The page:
Chimney Rock National Monument has opened a new visitor center – The Durango Herald

The San Juan National Forest Facility has been updated to reflect cultural significance, adapting to increased visits

The new Chimney Rock National Monument Visitor Center opened May 15. The center houses interactive and multimedia exhibits with art, audio, and quotes from tribal members. (Courtesy of Chimney Rock National Park)

Representing a decade of national monuments, Chimney Rock National Monument has received a new facade.

Chimney Rock National Forest Memorial in San Juan opened a new visitor center May 15, marking a major development for the protected site. With an upgraded visitor center, the Forest Service aims to create facilities that reflect the monument’s cultural value and can be compared to other national monuments where visitation is amplified.

“We are really excited. It’s been a long time coming,” said Cody Kamak, Chimney Rock National Monument’s Principal Ranger and Visitor Information Assistant.

The former Chimney Rock National Monument Visitor Center was a small cabin from which the Chimney Rock Interpretive Association, which leads educational programming for the site, conducted its operations.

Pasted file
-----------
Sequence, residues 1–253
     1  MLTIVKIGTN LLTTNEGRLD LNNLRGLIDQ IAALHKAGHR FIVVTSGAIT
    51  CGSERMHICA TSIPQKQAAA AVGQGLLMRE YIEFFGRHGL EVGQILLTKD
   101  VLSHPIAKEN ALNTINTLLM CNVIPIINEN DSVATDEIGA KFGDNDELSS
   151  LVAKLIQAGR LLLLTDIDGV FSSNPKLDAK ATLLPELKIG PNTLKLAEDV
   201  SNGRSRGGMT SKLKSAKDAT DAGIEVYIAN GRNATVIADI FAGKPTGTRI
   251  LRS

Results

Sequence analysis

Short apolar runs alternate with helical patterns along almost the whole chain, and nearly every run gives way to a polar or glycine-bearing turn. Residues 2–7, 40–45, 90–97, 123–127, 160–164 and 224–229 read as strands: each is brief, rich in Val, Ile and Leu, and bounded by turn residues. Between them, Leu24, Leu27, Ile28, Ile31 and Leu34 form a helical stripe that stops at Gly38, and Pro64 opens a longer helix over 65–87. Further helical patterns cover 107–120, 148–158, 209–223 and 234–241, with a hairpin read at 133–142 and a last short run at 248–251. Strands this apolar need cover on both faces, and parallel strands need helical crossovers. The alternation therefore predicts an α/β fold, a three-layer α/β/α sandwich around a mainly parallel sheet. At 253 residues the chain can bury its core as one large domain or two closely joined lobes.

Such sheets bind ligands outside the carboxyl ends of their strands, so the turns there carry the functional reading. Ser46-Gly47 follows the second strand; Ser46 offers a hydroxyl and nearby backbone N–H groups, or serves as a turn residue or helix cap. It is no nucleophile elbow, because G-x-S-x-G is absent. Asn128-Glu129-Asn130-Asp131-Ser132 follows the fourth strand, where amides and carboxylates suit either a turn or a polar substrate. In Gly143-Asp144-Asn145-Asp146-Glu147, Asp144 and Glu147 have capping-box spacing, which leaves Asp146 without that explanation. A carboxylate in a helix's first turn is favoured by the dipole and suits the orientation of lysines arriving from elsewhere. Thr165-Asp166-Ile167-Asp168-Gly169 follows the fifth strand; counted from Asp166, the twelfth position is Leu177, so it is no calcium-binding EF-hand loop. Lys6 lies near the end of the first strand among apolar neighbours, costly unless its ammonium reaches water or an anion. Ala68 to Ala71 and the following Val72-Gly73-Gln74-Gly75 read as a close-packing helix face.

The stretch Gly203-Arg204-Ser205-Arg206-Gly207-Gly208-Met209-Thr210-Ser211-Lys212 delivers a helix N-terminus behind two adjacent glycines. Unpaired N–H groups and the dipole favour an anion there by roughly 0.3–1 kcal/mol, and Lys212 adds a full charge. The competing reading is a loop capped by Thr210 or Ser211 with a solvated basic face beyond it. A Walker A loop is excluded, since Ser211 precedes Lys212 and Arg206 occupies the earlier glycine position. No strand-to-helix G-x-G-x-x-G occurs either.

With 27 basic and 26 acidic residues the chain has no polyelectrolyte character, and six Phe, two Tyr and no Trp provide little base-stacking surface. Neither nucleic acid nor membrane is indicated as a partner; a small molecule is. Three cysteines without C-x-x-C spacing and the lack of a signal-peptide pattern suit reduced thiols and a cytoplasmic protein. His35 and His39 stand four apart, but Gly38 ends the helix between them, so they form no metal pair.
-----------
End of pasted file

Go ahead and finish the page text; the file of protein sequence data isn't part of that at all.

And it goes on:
The exterior of the new Visitor Center for Chimney Rock National Monument. The center highlights the people, history, and environment of the site, which was one of the largest in southwestern Colorado during the Second Pueblo period from AD 900 to 1150 (courtesy of Cody Kamack, San Juan National Forest)

In its 2015 memorial management plan and environmental impact statement, the US Forest Service proposed creating new interpretive trails and visitor facilities. Kamak said the visitor center has been under construction for two or three years.

The visitor center contains interpretive multimedia and interactive exhibits, as well as a gift shop operated by CRIA. New displays take visitors through the people, history, and environment of the site, which was one of the largest in southwestern Colorado during the Pueblo II period from AD 900 to 1150.

The Forest Service hired Puebloan tribes during the development of the center, and it features quotes, audio recordings of tribal members, and artwork from Ronnie Kachini, a Zuni artist.

Artwork showing the “three sisters” crops of maize, beans and squash that were raised by many Aboriginal communities. The United States Forestry Department consulted the Puebloan tribes during the development of the new visitor center, and it features quotes, audio recordings of tribal members, and artwork from Ronnie Kachini, a Zuni artist. (Courtesy of Cody Kamak, San Juan National Forest)

“We have tried to do a good job of getting to know the modern Puebloan people and their association with the site and representing them as best we can,” Kamak said.

Besides the facility, CRIA has expanded its interpretive activities and events, offering lectures, art classes, and night programs.

With the construction of the visitor center, the Forest Service intends to highlight the cultural resources of Chimney Rock National Monument and its importance to Aboriginal communities in the Southwest.